Sometimes, in order to know how to offer support to a friend or loved one who is struggling with alcohol or drug abuse, it’s best to know what you should not say.
Here are 5 things you should avoid saying to loved ones who have an addiction problem:
- Never ask when they can stop attending recovery meetings.
They may never be able to stop going to meetings, and that’s OK. Simply tell them that you’re proud of their recovery, and you hope they’ve found a quality place to talk about their problems and feelings.
- Never pretend to know what they’re feeling during recovery.
You have no idea what these individuals are feeling because you haven’t been there. Simply let them know you’re there for support and will help in any way you can.
- Don’t tell them you had no idea they were suffering.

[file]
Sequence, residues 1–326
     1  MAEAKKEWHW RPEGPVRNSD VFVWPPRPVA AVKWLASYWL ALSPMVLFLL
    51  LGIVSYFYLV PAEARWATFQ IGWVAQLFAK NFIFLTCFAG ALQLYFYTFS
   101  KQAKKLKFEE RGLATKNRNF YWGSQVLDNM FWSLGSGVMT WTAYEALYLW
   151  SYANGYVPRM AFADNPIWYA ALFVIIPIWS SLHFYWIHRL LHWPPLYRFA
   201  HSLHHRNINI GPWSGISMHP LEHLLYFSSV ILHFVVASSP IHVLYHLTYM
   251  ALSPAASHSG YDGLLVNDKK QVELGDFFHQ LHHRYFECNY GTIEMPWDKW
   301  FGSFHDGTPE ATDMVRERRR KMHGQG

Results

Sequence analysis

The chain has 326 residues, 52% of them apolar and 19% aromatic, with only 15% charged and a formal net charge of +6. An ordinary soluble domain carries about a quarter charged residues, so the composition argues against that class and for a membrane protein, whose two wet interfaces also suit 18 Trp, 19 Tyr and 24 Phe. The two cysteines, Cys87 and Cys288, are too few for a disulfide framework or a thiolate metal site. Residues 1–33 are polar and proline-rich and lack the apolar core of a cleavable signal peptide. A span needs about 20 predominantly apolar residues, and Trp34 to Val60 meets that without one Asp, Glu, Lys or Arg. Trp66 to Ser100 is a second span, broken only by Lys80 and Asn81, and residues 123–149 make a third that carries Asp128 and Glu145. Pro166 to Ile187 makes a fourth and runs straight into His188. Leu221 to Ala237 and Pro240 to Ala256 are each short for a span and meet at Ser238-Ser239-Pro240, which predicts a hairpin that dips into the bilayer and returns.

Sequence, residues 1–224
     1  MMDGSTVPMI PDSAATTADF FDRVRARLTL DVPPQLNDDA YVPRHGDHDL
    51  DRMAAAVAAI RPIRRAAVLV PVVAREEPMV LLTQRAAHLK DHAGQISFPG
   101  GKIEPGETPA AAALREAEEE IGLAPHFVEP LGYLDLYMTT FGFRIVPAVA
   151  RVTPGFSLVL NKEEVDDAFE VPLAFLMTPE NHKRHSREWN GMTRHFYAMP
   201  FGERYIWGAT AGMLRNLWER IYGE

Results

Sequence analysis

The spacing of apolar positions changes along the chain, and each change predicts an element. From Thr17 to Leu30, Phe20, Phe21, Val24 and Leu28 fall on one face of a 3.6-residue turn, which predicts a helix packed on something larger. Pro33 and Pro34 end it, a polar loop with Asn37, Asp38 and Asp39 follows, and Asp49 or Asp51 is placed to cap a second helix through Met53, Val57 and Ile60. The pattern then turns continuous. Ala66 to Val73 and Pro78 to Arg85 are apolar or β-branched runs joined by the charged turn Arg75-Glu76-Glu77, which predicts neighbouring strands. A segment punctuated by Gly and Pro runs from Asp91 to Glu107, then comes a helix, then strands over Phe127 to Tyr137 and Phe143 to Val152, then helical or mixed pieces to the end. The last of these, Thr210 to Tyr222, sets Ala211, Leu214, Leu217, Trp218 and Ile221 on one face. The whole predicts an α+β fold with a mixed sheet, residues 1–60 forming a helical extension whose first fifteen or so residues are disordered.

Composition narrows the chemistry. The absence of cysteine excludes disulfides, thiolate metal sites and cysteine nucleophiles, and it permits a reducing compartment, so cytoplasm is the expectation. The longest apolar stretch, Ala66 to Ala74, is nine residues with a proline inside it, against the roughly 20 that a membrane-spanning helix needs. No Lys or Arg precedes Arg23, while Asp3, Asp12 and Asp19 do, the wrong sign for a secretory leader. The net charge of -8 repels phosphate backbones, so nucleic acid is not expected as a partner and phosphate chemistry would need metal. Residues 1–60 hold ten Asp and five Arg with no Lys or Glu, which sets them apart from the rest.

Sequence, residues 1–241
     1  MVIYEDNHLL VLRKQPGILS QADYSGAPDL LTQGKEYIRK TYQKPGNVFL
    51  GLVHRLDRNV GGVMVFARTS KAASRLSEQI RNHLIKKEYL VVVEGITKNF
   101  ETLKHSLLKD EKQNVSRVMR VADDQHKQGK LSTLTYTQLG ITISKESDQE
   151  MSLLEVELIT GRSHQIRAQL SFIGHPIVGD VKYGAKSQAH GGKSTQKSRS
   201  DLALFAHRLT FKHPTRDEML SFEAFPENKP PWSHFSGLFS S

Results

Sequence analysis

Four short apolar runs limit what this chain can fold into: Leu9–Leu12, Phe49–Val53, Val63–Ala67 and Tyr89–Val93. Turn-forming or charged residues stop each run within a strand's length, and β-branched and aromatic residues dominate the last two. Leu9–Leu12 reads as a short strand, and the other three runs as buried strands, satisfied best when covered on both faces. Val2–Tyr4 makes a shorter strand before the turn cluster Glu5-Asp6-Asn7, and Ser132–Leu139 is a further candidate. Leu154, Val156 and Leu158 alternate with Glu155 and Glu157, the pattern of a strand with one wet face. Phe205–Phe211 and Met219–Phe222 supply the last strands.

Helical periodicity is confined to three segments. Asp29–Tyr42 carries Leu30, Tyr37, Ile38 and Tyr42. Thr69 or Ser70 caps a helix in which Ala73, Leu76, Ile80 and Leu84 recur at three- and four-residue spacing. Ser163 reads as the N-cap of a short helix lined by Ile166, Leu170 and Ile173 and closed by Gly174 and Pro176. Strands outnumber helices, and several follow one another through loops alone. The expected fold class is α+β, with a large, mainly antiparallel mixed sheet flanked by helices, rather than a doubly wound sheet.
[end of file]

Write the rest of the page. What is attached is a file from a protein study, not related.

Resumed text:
When people have addictions, they hide it very well, so of course you didn’t know it. Just try to offer your support now that you know.
- Don’t ask them if they’re worried about a relapse.
Of course they are worried about a relapse. Instead of asking this question, offer support and tell them you know they have it in them to stay sober and not relapse.
- Don’t ask them whether they can ever use drugs or alcohol again.
This should be a given. You certainly wouldn’t want to be responsible for their relapse. Therefore, stay away from the subject and learn to have fun with them in other ways.
How to Help a Friend or Loved One Find Recovery
If you have friends or loved ones who need help and support for their addiction to drugs or alcohol, the best thing you can do is to help them locate an addiction treatment center. If they’ve already been to rehab and have had a relapse, help them go to rehab again. Sometimes it takes a few tries.
At a professional drug rehab and detox center, your loved one can get the help he or she needs to get sober and start a new life.
Contact Safe Harbour Recovery today for that special person in your life. We’ll help them get started on his or her road to recovery. By making this call, you could be saving your friend or family member’s life.